Regenerative Farm Management

Author: jbradford

Spring Farming

We had a wet winter in the Willamette Valley. This has delayed spring field work but allowed the shop crew to catch up on maintenance tasks. So our equipment is ready to go and we have some spring grains in the ground already. The next month and a half will be very busy getting crops planted, first the grains and peas, then the vegetables.  Irrigation crews are going around to each field to make sure systems are ready to run when needed.

Growth of pasture grasses is exploding with long days and warming soils. A dairy in the area recently sent us young heifers. Curious, playful and beautiful animals. Spring lambing is almost completed and the new lambs are growing rapidly on rich sheep milk from their mothers.



Organic certification

We are very busy updating our crop plans, organizing information, making maps, and filling out forms for our 2016 Oregon Tilth submission. You may sometimes hear that it is expensive and burdensome for farms to become certified organic. Well it does take decent skills at basic administration, but we don’t find it unreasonable. Also, the cost is not that great and many states reimburse farms a substantial portion of the fees. It is good to have experienced, well-intentioned inspectors and reviewers look at our plans and visit our farms. As long as we are striving to abide by the law, seek improvement, and are open to feedback the process works and is welcome.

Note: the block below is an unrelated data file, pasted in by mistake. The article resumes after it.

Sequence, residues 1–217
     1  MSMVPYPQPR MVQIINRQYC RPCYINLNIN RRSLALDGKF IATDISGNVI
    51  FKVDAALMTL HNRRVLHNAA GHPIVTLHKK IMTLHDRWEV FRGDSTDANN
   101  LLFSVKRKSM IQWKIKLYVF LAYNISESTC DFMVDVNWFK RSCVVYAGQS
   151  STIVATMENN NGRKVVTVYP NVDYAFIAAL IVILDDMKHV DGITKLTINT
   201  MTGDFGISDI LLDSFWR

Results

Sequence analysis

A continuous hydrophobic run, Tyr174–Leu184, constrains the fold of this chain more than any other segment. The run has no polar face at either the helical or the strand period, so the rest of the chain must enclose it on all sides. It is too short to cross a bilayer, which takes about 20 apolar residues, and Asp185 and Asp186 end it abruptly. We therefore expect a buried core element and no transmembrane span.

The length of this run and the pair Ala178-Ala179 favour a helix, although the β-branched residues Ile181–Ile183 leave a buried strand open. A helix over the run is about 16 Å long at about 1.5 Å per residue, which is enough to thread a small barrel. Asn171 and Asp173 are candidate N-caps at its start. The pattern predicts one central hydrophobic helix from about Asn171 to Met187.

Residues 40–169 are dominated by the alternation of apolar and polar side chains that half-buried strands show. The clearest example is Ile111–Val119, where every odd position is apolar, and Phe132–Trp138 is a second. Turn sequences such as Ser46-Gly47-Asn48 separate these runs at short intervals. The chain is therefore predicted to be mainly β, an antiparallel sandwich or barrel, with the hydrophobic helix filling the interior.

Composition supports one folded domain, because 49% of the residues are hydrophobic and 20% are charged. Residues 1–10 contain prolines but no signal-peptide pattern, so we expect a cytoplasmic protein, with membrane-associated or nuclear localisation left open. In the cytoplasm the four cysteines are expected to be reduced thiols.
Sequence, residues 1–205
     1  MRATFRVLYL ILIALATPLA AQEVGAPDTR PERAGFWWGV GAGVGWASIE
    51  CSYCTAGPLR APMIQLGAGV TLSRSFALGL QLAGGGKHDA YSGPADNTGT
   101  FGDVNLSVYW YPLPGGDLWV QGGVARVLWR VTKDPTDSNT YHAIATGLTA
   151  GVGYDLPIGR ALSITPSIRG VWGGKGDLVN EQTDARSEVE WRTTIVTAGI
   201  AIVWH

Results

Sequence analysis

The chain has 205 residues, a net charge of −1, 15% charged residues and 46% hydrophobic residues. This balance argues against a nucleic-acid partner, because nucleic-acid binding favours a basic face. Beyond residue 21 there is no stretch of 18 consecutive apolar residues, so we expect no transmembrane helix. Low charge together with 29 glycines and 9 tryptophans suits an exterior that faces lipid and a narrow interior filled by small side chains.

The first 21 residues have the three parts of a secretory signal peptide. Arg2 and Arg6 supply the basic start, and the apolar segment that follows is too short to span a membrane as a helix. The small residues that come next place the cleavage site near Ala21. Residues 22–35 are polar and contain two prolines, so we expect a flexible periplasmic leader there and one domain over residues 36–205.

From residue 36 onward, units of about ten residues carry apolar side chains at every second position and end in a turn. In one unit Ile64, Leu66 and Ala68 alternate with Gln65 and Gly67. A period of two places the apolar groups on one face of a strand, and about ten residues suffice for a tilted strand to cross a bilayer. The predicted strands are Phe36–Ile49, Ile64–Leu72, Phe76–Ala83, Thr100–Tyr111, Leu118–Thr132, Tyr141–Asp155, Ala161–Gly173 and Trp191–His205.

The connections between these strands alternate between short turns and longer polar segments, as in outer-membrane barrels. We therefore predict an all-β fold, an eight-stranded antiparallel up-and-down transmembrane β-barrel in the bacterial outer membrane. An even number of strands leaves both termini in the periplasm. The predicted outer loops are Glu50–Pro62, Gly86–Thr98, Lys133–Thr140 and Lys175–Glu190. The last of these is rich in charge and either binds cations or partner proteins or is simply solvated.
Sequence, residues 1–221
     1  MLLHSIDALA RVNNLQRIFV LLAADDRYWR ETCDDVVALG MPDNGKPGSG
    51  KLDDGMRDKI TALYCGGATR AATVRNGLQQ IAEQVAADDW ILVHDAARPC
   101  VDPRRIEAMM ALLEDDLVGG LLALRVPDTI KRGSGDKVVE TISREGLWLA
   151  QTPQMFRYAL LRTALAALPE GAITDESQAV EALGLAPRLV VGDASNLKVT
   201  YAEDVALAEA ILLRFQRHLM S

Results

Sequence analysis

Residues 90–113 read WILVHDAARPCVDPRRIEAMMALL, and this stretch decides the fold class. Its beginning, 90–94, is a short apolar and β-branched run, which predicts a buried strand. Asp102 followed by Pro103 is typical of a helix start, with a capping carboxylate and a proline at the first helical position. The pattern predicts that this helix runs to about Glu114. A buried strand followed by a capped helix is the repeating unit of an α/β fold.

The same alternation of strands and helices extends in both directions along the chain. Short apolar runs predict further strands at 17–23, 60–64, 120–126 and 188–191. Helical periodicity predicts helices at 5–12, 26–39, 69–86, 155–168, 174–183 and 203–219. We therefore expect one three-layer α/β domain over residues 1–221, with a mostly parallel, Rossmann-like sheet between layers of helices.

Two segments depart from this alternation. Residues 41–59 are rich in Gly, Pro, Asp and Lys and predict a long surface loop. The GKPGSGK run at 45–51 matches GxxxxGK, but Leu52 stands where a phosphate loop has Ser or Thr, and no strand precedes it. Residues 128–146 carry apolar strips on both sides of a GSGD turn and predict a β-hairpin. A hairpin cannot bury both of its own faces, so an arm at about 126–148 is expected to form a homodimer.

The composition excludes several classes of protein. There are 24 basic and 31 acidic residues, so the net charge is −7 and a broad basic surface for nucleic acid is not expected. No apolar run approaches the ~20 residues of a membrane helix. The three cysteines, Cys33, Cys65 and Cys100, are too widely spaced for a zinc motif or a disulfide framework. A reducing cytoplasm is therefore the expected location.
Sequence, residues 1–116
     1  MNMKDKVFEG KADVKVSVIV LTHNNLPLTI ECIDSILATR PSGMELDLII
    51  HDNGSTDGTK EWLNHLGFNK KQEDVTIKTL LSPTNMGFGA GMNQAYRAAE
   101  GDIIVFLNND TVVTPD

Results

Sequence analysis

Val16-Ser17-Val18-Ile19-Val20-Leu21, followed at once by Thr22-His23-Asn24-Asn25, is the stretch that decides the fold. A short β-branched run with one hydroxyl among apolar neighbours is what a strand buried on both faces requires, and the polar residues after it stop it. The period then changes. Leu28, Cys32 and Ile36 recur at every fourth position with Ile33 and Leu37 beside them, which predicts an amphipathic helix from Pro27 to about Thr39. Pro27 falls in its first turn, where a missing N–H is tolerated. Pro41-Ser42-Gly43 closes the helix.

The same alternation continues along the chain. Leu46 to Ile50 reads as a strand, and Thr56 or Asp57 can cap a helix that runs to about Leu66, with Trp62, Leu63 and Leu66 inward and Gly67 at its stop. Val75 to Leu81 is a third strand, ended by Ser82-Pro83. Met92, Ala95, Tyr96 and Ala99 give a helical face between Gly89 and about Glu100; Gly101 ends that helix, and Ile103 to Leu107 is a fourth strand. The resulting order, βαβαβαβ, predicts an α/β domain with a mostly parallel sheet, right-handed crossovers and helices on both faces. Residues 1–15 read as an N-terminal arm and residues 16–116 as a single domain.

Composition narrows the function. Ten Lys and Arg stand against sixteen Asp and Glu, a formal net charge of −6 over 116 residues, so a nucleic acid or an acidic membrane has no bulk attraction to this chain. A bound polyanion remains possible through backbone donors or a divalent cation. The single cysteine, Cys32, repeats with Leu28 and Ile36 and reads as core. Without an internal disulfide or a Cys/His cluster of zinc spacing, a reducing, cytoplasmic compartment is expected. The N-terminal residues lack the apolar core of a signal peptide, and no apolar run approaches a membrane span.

For more information about organic certification see the website of Oregon Tilth.

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